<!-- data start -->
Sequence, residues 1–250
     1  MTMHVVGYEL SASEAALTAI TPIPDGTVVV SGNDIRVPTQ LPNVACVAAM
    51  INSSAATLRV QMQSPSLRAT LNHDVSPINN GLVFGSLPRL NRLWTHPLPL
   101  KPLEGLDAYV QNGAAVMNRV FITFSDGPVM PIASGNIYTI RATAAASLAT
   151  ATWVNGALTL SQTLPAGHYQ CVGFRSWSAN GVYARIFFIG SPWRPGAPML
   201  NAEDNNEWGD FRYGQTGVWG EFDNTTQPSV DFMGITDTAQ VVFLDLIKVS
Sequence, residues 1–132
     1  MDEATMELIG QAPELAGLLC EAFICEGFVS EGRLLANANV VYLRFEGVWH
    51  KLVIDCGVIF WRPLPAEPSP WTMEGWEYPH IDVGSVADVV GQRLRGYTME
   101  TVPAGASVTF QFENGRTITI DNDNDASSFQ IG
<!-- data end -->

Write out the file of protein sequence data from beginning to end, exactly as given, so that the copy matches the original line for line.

Sequence, residues 1–250
     1  MTMHVVGYEL SASEAALTAI TPIPDGTVVV SGNDIRVPTQ LPNVACVAAM
    51  INSSAATLRV QMQSPSLRAT LNHDVSPINN GLVFGSLPRL NRLWTHPLPL
   101  KPLEGLDAYV QNGAAVMNRV FITFSDGPVM PIASGNIYTI RATAAASLAT
   151  ATWVNGALTL SQTLPAGHYQ CVGFRSWSAN GVYARIFFIG SPWRPGAPML
   201  NAEDNNEWGD FRYGQTGVWG EFDNTTQPSV DFMGITDTAQ VVFLDLIKVS
Sequence, residues 1–132
     1  MDEATMELIG QAPELAGLLC EAFICEGFVS EGRLLANANV VYLRFEGVWH
    51  KLVIDCGVIF WRPLPAEPSP WTMEGWEYPH IDVGSVADVV GQRLRGYTME
   101  TVPAGASVTF QFENGRTITI DNDNDASSFQ IG